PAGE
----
Labour’s Housing Policy

The Labour Party have the potential to inflict damage upon anyone who wants to own, buy, or rent in the place of their choosing.

Jeremy Corbyn’s policy document calls to implement a ‘progressive property tax’ – a new homes tax based on house prices. The plan is to send you an annual tax bill based on the value of your house, with homeowners charged more if they invested more into their home.

Not only does Corbyn’s Labour want to levy a new tax on your home. He wants to spend more energy prying into where you live. Labour wants regularly updated property values, with rates “set nationally, rather than locally determined”. This means government tax inspectors, with snoopers inspecting your home and garden, to precisely evaluate the worth of your home – so Labour knows exactly how much they can extract from you.

How will Labour pay for this policy?

Labour can only afford to raise taxes to pay for their housing policy. Their own policy document says they want a tax that “could generate more revenue”. Make no mistake: this is a tax raid on middle England’s homes.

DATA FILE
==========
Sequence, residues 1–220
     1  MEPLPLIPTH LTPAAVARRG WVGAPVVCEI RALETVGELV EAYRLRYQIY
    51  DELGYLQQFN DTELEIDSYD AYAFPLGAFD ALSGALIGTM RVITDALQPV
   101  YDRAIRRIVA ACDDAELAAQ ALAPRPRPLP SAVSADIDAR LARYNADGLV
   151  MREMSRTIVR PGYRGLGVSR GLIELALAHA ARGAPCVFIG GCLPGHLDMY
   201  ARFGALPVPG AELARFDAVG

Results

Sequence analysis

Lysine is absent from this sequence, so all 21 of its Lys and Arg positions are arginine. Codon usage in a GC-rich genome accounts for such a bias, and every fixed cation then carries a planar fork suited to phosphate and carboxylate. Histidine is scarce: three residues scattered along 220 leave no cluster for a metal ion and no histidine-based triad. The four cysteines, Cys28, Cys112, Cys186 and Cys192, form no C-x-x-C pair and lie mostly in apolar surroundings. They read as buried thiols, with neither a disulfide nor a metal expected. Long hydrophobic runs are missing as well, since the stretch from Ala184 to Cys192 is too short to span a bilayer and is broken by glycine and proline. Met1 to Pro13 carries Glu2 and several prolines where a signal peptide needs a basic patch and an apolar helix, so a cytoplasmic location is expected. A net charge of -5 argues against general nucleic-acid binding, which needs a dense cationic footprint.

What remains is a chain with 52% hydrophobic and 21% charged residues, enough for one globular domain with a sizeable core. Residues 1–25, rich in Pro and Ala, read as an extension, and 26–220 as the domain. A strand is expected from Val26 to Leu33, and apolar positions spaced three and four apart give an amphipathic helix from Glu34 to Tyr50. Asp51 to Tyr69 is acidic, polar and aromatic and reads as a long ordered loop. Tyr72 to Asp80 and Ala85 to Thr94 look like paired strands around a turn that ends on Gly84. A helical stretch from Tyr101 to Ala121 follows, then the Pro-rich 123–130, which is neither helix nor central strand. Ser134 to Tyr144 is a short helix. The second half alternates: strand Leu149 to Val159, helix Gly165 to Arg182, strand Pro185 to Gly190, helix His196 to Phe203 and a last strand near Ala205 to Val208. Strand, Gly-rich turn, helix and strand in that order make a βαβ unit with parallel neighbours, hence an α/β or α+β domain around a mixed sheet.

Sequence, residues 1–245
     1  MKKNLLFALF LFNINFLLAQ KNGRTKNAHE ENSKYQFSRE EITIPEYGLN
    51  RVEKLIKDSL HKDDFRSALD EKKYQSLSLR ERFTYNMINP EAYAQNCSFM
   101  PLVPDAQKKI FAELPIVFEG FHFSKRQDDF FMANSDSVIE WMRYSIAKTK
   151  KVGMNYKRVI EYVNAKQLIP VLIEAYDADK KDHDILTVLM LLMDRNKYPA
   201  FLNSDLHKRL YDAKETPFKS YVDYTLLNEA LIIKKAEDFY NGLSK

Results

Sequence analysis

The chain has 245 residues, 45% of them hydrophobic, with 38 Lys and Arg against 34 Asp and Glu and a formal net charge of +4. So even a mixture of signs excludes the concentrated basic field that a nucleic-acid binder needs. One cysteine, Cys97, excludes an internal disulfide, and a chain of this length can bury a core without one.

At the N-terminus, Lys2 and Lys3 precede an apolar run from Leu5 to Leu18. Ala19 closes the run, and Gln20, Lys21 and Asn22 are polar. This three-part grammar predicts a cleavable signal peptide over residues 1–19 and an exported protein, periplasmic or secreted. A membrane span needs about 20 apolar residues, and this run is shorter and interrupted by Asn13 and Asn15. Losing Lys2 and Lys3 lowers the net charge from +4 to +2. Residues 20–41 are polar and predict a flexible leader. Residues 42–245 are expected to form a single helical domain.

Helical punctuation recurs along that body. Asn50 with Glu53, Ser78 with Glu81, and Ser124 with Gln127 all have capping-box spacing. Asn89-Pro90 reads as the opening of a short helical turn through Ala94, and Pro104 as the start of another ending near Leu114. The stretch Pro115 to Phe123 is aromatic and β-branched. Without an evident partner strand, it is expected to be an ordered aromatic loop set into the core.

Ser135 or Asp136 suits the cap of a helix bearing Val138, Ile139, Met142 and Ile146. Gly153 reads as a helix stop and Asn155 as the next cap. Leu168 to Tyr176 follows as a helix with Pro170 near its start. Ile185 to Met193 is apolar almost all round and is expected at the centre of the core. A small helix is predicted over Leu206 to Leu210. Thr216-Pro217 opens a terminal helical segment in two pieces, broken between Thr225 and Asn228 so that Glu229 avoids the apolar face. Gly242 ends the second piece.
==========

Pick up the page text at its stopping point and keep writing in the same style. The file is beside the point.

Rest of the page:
The current tax system intentionally does not tax home improvements until a house is sold. But Labour’s new tax would see those who save and work harder to improve their home punished by paying more in ‘progressive property tax’ every year. You would be charged for even small fixtures to your own home that improve its value.

Labour want to to scrap the single person discount, calling it an ‘inefficiency’ to tax people less. However, this completely disregards how the current system offers tax discounts for the disabled, carers, and granny annexes, calling these situations “overconsumption of housing”.

How much will Labour’s Housing Policy Cost You?

Figures published this month show that Labour’s new tax will cost an average home £375 more every year in tax. Over just a single five-year Parliament this would mean families having to find £1,875 extra just to stay in their home.

  • The average property price in England is £243,128. For the average homeowner, then, the annual homes tax bill would thus be £1,701 per year.
  • In London, the average house price is £463,283. For the average London homeowner, then, the annual homes tax bill would be £3,243 per year.
  • The average detached home in England is worth £346,474. The average detached homes’ tax bill would thus be £2,425 per year.
  • This excludes the undisclosed plans by Labour about how much more they will charge higher-valued homes.

We need to stand up against Corbyn and stand for our own rights and save our homes and our future